Unions and the social service sector have welcomed money in the Tasmanian budget for the state’s child protection system, but said more needed to be done on early intervention and staff retention in the troubled sector.
Human Services Minister Roger Jaensch said there would be $24 million in this week’s budget over the forward estimates for a redesign of the child protection system, announced after a series of failings in the system in 2015.
Mr Jaensch said the money would allow up to 25 more child safety officers and support staff to be employed, and would also provide for more complex care packages for children in out-of-home care.
“It’s an admission that the redesign is a long-term process which will ultimately result in there being fewer kids moving into state care,” Mr Jaensch said.
“In the meantime, we have to deal with the kids that we’ve got.
“Nothing is more important to us as a society than the safety and wellbeing of our most vulnerable children.”
Mr Jaensch could not provide any detail on how many vacancies there were in the child protection system.
Too little, too late: Labor
The Labor Opposition has previously called for an extra 20 child safety officers.
Opposition Leader Rebecca White said she was pleased the Government was investing in frontline staff, but it had taken too long.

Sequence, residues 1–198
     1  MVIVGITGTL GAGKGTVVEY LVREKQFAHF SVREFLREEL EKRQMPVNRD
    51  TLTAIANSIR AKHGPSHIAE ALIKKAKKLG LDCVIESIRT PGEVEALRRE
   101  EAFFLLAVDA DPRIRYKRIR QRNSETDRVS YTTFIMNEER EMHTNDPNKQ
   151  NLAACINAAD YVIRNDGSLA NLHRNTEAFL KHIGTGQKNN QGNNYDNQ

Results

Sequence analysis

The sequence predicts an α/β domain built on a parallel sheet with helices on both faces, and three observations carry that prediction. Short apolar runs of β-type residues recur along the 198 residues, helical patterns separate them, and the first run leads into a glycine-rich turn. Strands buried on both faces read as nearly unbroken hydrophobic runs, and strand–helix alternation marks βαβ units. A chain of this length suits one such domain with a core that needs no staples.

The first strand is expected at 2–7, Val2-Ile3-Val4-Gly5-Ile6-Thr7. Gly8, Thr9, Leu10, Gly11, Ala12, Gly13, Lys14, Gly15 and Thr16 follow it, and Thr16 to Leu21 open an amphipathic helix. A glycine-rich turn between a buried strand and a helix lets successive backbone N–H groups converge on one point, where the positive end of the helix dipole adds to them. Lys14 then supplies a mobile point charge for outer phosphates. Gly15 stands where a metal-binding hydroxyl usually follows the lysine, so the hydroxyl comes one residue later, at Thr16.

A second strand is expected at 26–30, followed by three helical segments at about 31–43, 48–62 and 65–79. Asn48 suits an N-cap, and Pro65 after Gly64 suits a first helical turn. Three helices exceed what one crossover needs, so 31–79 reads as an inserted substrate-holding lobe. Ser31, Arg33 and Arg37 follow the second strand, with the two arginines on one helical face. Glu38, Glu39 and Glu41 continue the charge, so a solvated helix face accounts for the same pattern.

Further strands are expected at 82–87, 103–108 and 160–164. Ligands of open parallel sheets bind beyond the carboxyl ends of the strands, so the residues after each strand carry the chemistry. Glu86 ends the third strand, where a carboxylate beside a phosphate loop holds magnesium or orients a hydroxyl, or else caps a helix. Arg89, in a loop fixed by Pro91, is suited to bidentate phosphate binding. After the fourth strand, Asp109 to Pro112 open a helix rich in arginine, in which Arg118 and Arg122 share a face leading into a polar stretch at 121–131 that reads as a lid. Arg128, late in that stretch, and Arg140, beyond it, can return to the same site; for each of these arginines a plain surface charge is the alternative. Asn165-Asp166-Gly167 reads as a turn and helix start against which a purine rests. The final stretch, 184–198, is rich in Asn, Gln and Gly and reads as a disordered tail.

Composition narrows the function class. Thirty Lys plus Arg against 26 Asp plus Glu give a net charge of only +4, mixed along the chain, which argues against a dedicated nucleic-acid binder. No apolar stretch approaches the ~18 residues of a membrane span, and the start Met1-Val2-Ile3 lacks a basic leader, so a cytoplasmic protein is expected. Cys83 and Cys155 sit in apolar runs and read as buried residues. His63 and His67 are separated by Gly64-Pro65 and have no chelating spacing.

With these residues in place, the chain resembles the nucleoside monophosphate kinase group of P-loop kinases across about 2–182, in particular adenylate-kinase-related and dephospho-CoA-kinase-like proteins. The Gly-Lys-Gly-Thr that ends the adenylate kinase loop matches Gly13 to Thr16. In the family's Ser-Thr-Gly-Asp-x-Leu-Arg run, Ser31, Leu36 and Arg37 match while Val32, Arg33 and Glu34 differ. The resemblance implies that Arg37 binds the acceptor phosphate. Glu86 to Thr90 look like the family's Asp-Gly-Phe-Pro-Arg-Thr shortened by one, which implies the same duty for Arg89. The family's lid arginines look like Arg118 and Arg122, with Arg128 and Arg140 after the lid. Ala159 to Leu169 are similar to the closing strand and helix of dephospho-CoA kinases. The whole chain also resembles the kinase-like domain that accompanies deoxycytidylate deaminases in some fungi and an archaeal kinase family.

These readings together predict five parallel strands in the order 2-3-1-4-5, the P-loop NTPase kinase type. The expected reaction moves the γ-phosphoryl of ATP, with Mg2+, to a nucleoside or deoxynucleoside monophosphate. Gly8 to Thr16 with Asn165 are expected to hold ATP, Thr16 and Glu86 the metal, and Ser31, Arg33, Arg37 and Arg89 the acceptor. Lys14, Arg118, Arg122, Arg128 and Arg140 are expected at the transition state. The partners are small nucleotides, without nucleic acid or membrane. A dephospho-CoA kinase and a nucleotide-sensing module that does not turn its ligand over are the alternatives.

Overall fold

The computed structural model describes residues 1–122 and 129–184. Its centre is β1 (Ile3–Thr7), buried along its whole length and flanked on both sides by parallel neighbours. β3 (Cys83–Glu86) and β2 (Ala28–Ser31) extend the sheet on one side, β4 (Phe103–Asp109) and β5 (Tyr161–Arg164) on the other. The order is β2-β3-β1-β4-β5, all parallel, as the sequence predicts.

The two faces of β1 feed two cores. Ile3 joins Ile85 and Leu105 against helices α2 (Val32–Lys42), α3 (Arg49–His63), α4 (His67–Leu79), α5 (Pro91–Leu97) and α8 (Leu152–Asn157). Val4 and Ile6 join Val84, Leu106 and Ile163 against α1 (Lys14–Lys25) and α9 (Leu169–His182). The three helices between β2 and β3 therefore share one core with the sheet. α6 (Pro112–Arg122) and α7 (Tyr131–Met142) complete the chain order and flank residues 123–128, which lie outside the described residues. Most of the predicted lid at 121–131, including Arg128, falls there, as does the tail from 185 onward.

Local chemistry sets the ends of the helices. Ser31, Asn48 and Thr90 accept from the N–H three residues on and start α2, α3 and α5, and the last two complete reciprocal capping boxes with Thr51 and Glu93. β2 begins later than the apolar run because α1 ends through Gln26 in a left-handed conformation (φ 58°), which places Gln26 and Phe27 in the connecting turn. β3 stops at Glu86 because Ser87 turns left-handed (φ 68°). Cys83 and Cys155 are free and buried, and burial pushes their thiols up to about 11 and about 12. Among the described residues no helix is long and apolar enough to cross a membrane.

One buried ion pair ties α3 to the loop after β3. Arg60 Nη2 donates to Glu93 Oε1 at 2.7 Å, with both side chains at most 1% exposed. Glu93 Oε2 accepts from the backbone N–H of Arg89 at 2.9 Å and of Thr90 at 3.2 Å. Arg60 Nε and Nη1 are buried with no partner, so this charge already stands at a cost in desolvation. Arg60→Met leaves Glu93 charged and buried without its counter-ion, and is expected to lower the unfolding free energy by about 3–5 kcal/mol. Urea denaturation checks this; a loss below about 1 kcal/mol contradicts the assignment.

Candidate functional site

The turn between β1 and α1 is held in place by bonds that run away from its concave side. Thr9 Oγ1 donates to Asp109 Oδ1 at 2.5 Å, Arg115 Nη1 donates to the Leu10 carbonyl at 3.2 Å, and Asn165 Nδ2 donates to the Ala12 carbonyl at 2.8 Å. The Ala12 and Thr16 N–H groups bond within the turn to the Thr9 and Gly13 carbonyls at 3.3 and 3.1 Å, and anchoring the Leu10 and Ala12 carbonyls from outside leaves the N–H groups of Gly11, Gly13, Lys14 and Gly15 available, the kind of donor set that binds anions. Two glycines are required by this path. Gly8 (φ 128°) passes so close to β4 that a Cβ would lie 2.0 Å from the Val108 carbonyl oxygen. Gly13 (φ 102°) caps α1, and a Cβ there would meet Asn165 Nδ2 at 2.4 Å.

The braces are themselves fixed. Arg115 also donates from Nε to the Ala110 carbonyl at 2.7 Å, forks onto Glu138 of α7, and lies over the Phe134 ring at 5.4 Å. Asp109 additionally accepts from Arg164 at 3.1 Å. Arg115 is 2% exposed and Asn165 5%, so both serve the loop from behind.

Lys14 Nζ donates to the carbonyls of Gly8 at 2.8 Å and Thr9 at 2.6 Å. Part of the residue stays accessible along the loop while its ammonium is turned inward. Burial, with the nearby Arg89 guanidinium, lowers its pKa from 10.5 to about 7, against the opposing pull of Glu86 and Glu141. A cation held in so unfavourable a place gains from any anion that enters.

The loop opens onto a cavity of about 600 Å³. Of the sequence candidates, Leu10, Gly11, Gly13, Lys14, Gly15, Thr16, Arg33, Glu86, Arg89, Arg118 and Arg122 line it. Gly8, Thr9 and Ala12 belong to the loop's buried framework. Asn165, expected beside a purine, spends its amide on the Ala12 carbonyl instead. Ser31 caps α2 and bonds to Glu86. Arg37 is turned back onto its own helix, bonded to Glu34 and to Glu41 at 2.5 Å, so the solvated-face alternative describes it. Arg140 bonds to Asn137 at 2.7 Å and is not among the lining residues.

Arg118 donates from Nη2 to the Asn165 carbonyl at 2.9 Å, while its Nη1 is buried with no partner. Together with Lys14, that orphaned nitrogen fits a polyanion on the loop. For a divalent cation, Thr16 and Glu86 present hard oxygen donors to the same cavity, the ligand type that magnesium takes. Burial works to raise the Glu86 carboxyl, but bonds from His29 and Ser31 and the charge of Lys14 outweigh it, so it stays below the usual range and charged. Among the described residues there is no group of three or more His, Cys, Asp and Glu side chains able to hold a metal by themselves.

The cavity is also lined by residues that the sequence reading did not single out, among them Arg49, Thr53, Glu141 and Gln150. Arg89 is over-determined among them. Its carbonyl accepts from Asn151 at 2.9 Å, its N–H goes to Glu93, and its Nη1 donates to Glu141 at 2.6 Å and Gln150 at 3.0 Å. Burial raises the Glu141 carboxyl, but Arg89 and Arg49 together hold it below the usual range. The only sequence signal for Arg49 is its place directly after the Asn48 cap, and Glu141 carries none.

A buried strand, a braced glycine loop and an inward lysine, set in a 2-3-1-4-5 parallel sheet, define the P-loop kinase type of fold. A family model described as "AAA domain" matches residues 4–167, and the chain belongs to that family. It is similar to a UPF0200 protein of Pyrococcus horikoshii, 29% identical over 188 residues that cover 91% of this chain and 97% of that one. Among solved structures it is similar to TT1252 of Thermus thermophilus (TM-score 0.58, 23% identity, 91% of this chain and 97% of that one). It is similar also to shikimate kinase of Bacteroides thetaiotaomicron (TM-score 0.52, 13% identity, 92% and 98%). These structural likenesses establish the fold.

“We’ve seen as many as 400 notifications made to Child Protection in the recent months that have been unable to be addressed by staff because there simply aren’t enough people in the workforce,” Ms White said.
She said the Government would find it hard to recruit because the service had been under-resourced for so long that even existing staff were nervous and stressed about working there.
Kym Goodes says more children and young people are going into care in Tasmania. (ABC News: James Dunlevie)
Kym Goodes, of the Tasmanian Council of Social Service (TasCOSS), said the funding was a good start, but said she would like to see just as much investment in early intervention.
“The fact that we’ve got more children and young people going into care indicates that we haven’t got enough early intervention services to try and work with families to help them to be able to keep their children,” Ms Goodes said. “Because, that’s the best outcome ultimately.”
Tom Lynch of the Community and Public Sector Union (CPSU) said the funding would be well-received by child safety officers.
“We believe there still needs to be further work done on retaining child safety officers and the sort of rewards that are provided to them, but the Government has indicated a willingness to talk in that space,” Mr Lynch said.
Mr Lynch said there were currently about 400 children waiting to be allocated a caseworker, or whose caseworker had an excessive caseload.
The funding announcement comes after recent allegations about inappropriate care for children with disabilities at a private out-of-home care provider, Total Support Services.
On Tuesday, Mr Jaensch was unable to say how many children were still with Total Support Services, or whether any investigations were ongoing.
In a later statement, a spokesman for the Department of Health and Human Services said there were three children in placements with Total Support Services, and the department would continue to monitor suitability of the service for clients.